Taking the time to develop employee reward and recognition programs could help businesses in every industry reduce worker turnover.
The uneven economic recovery has provided companies with a number of challenges. One of these obstacles is finding and retaining the right employees. As the job market improves, key staff members are tempted to seek new opportunities elsewhere. This can lead to high levels of turnover that reduces team efficiency and productivity.
Keeping workers in their existing roles requires companies to be proactive in their personnel management. Taking the time to develop employee reward and recognition programs could help businesses in every industry reduce worker turnover. These initiatives give managers the tools they need to support staff members and offer encouragement during difficult times. This reduces employee frustration, which can help improve satisfaction levels.
Recognition programs boost employee satisfaction
One of the key aspects of recognition programs is the feeling of accomplishment that employees receive when their hard work is acknowledged. By showing staff members that their contributions are valued, companies can improve engagement levels and drive productivity. Organizations that are considering implementing reward programs should try to tailor the rewards to the needs of their staff. Offering personalized rewards is more meaningful than even a cash bonus.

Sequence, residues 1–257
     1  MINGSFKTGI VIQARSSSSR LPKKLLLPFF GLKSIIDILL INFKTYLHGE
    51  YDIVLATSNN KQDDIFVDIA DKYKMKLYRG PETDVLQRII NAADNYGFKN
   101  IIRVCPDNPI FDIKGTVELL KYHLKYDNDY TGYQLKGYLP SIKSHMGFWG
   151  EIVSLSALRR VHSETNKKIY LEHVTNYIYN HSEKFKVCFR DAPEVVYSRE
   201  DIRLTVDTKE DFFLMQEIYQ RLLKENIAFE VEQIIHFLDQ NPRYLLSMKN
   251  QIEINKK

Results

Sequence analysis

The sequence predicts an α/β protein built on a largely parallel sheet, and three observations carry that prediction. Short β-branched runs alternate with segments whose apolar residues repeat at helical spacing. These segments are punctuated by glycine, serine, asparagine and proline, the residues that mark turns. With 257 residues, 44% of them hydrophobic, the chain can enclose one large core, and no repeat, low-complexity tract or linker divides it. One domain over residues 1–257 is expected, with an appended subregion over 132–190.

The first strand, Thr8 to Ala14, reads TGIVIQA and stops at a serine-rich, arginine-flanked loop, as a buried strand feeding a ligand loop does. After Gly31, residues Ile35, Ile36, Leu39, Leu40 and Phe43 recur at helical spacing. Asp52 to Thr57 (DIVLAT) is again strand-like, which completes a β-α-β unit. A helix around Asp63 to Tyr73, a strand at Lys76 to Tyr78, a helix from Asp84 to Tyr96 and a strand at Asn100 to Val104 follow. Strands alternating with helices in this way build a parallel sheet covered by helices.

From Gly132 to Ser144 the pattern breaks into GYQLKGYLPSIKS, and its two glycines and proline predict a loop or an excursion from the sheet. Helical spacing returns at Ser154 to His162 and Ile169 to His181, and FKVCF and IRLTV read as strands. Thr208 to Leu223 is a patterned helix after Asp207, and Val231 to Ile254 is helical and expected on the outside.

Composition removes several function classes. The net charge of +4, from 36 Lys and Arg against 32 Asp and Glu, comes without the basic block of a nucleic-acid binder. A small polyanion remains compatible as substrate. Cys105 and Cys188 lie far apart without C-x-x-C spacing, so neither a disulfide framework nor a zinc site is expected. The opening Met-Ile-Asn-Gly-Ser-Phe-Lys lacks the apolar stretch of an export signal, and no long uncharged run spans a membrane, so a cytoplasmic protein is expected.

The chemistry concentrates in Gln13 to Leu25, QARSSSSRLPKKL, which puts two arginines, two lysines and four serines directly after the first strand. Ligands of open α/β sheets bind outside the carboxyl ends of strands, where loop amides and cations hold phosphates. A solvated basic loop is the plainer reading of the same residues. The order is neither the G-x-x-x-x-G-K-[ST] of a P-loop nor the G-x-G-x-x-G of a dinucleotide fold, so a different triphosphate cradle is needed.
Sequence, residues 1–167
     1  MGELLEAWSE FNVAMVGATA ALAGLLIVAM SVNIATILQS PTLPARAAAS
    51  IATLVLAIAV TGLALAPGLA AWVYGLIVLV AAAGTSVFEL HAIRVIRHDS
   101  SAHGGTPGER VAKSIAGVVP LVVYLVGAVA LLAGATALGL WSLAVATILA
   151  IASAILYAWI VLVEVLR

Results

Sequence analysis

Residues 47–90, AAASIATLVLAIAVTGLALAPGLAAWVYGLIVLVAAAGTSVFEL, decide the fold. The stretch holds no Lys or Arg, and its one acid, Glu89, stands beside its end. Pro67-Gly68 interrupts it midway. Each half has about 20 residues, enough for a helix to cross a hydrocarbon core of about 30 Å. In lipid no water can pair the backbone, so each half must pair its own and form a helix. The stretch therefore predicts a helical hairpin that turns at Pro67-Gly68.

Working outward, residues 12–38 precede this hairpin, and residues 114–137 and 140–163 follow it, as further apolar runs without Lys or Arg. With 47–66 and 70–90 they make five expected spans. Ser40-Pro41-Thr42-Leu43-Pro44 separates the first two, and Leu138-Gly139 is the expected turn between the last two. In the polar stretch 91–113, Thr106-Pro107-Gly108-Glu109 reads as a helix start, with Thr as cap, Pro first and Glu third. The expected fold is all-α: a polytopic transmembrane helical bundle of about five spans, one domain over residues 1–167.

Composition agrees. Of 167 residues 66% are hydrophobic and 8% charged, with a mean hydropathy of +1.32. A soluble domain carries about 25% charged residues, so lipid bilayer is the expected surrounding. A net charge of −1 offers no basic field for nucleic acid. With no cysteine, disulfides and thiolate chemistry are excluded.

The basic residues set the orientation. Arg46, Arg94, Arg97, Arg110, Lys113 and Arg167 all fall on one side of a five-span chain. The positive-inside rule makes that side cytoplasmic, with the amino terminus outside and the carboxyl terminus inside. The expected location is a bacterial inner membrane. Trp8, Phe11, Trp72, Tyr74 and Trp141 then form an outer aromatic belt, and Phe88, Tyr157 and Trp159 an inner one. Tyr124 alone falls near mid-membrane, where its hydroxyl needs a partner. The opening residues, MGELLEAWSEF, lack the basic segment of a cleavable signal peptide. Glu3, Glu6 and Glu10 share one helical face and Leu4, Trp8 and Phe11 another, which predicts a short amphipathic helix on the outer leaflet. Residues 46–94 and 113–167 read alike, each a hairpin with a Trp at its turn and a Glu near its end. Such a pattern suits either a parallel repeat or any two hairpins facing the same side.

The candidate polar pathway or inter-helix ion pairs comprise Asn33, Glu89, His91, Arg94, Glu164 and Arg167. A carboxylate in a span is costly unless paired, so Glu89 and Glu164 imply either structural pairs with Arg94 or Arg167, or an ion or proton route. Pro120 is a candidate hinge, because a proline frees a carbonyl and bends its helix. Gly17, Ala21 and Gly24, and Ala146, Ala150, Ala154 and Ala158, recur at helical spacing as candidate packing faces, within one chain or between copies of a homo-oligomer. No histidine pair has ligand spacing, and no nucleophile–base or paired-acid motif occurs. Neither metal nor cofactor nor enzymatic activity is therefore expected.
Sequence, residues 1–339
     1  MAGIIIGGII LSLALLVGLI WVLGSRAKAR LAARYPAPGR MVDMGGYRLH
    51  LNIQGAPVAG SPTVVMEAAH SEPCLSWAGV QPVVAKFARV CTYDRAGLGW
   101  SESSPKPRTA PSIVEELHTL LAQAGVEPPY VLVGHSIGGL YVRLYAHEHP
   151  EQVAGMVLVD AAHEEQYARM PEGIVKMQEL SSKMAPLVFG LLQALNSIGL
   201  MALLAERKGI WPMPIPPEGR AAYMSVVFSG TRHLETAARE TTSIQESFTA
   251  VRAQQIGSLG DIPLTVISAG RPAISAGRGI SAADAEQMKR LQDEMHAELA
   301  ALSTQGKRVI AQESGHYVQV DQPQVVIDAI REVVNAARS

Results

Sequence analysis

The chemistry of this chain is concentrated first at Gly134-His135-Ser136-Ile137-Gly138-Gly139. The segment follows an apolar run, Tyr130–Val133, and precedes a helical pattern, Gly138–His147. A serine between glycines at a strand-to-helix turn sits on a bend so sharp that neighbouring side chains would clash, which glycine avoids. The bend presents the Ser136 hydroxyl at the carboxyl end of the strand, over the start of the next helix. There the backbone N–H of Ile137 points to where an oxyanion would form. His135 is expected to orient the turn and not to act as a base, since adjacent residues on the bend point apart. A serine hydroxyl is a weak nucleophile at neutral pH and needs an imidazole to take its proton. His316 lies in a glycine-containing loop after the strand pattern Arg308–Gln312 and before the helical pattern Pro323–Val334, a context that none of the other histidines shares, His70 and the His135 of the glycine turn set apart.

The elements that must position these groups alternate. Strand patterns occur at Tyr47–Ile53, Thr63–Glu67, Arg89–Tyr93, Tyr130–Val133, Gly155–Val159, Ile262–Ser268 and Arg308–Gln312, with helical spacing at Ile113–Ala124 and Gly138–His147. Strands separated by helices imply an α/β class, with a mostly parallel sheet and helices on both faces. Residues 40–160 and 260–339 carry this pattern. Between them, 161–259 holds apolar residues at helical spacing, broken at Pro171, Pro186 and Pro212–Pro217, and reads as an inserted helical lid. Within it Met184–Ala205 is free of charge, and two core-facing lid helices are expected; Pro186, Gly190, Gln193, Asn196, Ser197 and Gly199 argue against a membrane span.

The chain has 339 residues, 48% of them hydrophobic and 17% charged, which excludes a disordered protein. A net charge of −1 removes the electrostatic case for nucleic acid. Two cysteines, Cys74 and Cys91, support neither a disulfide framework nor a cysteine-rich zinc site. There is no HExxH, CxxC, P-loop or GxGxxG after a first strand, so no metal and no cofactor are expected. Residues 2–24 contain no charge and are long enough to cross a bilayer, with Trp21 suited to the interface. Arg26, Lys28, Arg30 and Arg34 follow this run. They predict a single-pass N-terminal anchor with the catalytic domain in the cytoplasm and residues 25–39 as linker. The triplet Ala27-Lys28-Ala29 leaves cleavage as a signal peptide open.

World Incentives notes that the allure of cash bonuses quickly fades. A survey by the source found that more than half (57 percent) of employees consider cash rewards to be part of their regular remuneration package. This decreases the motivation provided by the rewards and reduces the overall effect of initiatives. Any boost in productivity generated by cash rewards diminishes after just a few weeks. Non-financial incentives can have a much longer-lasting impact on employee behavior.
Customize programs to increase appeal
A survey by Robert Half found that just 14 percent of employees in the legal field preferred additional compensation as an incentive. Companies that provided more flexible schedules were more likely to retain workers, with 69 percent of respondents listing this as their preferred perk. Additionally, 50 percent said they wanted training and education opportunities to enhance their skills.
Retaining top performers is not always about offering a better salary. Both of the perks selected as a top motivator for legal personnel allowed them to find a better work-life balance. Understanding employees' needs and desires will help companies use reward and recognition programs to create a supportive and engaging culture, which could reduce turnover.